You can take action and reuse water in your own backyard by participating in our rain barrel workshop at the Zoo on May 21st from 9:00 a.m. to 11:00 a.m. Reusing rain water is a simple action to take that not only helps wildlife, but helps you to save on your water bill! After our workshop, participants will have a chance to paint their rain barrels and enter it into an art contest! Check out some of the decorated rain barrels from previous workshops (photos courtesy of Galveston Bay Foundation rain barrel workshop participants):

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We Are All Conservationists

Recently, a local Houston student asked us for an email interview to help her complete an English essay. We thought we’d share her questions and our thoughts on the answers.

Why is it important to conserve our wildlife? Conserving wildlife is important for many reasons, and may depend on one’s culture, background, region, experiences, etc. Overall, conserving wildlife helps ensure our planet has biodiversity (the variety of life in a particular ecosystem). When biodiversity loss occurs, we upset the delicate balance of food chains and natural relationships and processes, which ultimately will impact humans. Humans depend on wildlife and natural habitats for so many of our resources (water, food, medicine, etc.) and by losing wildlife and the habitats they live in, we can lose some of the most important resources we need to survive. Additionally, in some locations protecting wildlife helps to protect critical habitats, which is also important for the survival of all species on our planet. Further, many people would argue that living things like animals deserve to be protected because they are part of our planet, part of our ecosystems, and are living, breathing beings that deserve respect. Many cultures and traditions believe animals to be sacred, and that they serve a purpose beyond what we can see.

Tanzania, Africa
Tanzania, Africa. Elephants are highly regarded in many cultures and are known to maintain savannas and open woodlands by knocking down trees, allowing other important plants to grow.

What are the long-term benefits of conserving wildlife? As described above, long-term benefits of conserving wildlife include preserving our rich biodiversity for generations to come, ensuring protection and future use of important natural resources, and preserving important traditions and cultures that are deeply tied to wildlife and natural places.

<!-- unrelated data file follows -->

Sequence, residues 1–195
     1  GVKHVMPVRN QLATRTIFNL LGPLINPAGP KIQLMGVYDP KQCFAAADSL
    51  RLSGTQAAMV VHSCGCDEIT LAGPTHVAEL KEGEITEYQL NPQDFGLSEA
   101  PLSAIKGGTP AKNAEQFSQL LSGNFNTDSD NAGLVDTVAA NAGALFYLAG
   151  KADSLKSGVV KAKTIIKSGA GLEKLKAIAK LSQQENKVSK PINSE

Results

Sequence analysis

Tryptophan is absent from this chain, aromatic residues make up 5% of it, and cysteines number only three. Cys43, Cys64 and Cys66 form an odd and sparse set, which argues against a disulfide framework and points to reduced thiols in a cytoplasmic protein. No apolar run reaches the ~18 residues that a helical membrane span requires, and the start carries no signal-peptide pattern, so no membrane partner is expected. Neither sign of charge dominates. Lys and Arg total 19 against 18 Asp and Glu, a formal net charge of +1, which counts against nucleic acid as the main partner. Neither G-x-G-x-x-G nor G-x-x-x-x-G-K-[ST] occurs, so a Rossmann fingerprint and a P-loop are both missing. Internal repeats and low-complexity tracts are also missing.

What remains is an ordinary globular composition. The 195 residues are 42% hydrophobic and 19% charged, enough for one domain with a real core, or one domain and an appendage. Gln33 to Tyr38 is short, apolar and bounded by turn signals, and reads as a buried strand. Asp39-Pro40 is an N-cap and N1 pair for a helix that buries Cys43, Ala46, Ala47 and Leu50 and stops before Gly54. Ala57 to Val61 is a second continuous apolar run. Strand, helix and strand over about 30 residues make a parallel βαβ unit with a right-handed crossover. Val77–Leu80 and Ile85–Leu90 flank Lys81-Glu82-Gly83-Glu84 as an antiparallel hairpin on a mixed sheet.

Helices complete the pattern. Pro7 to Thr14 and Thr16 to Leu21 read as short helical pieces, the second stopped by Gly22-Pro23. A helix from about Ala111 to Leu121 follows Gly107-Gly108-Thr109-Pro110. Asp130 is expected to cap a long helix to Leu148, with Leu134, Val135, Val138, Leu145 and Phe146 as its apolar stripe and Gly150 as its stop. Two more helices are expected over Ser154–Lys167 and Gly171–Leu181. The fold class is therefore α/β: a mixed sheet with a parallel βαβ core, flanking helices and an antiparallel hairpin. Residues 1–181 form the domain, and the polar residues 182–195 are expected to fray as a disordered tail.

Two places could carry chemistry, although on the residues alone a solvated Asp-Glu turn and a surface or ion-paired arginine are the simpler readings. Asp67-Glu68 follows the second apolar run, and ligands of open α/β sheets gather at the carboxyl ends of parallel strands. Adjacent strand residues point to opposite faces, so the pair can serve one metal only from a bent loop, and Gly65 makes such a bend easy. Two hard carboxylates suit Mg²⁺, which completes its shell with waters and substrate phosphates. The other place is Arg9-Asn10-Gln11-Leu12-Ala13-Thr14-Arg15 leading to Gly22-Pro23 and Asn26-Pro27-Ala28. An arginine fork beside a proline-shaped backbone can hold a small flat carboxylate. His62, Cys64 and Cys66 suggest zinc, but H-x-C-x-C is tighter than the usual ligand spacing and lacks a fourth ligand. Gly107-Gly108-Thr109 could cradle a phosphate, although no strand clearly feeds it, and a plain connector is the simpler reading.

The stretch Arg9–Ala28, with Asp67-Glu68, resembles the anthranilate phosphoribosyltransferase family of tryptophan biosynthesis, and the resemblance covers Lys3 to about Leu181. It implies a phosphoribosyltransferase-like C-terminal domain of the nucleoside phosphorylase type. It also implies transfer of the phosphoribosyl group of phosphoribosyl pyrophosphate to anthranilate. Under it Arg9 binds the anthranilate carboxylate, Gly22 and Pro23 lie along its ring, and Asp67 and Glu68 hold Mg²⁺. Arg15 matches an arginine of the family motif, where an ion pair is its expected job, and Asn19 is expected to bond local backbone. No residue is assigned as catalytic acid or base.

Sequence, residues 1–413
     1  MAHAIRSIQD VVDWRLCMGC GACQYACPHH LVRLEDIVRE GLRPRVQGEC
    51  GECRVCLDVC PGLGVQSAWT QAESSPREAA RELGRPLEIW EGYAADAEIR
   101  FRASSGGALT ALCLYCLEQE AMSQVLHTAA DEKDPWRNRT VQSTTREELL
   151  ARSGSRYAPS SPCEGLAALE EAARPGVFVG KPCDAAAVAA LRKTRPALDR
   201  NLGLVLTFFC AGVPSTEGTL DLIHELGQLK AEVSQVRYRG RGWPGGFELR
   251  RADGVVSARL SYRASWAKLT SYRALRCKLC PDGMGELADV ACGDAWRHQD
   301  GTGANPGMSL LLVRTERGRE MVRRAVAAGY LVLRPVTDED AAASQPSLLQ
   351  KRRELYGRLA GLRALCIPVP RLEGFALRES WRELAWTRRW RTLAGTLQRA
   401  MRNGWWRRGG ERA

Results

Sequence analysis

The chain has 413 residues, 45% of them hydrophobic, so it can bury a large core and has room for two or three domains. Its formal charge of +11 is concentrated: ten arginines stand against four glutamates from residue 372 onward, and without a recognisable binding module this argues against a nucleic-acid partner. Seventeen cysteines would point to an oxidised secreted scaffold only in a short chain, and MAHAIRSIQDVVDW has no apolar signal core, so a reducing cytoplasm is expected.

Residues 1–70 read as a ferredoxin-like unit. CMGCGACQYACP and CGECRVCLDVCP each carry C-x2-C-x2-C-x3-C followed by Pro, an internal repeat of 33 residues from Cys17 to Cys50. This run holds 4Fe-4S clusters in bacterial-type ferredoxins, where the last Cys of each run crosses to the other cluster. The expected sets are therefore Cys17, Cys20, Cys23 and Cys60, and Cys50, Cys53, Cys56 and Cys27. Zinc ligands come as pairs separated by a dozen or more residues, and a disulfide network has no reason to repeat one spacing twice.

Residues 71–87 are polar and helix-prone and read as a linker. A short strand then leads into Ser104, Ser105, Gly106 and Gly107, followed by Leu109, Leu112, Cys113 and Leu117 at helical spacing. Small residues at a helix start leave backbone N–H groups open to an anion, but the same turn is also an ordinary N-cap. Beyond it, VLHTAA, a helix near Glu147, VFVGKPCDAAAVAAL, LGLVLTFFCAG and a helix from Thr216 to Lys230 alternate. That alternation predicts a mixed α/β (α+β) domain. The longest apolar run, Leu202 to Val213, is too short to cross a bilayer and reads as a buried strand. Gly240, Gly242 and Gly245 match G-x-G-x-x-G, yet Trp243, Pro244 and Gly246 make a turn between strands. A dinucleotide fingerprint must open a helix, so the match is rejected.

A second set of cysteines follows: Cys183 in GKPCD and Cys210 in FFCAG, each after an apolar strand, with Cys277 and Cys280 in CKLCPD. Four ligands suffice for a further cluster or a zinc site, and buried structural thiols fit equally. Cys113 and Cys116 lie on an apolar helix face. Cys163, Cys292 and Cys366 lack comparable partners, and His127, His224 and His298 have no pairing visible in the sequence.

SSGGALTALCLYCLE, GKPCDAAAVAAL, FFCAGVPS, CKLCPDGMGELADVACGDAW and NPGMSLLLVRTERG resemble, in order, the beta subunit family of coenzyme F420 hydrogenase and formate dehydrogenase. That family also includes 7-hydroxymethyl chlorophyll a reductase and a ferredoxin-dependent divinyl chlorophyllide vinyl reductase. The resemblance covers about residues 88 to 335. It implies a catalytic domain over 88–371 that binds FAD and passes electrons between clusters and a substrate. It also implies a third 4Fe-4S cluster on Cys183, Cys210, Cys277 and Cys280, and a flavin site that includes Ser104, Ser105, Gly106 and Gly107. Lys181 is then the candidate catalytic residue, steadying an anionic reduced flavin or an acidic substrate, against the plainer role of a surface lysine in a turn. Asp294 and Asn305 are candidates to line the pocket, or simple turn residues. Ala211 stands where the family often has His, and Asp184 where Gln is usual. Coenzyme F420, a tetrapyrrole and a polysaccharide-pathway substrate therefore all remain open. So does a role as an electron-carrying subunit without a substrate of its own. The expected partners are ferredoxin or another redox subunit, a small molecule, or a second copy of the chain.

What are the costs of conserving wildlife? If you mean financial costs, certainly they are high. Supporting field conservation efforts around the world is not cheap, however at the Houston Zoo we like to promote simple actions that don’t cost a lot of money that everyone can do to protect wildlife.

Take Action with the Houston Zoo! You can make small changes that make a big impact for wildlife.
Take Action with the Houston Zoo! You can make small changes that make a big impact for wildlife.

Do the benefits of conservation outweigh the costs? I may be a bit biased, but I believe so, or I wouldn’t be dedicating my career to this effort.

Should conservation be funded by a charity, the government, or some other source? I think it’s important to ensure every entity-whether it is charitable organizations, the government, NGO’s, etc. understands how wildlife and wild places relates to them so that they can see themselves as an important part of the solution, and will want to participate in conservation.

Is it important to educate kids and young adults on conservation? Why or why not? Absolutely! It’s important to bring everyone, no matter their age or background, into the conversation about saving wildlife. Making sure our natural places are protected is not solely up to younger generations, it’s a role we should all see ourselves in.

A Houston toad-a native Texas species, only found in tiny pockets of land in our state. Amphibians are critical bio-indicators, they alert us of potential issues in an ecosystem far earlier than other species.
A Houston toad-a native Texas species, only found in tiny pockets of land in our state. Amphibians (like toads) are critical bio-indicators, they alert us of potential issues in an ecosystem far earlier than other species.

How should we educate the younger generation about conservation? We are finding out through current research that providing information doesn’t necessarily lead to people becoming better stewards for our environment. That is not to say providing information isn’t important, but it might be more effective if traditional education is paired with time spent outdoors in natural places, observing, playing and interacting. I think it’s also important that people learn about conservation through doing-being participants in conservation efforts rather than simply learning about them in a book.

One of our Alternative Teen Break participants enjoying time in the Big Thicket planting long-leaf pine trees to save wildlife!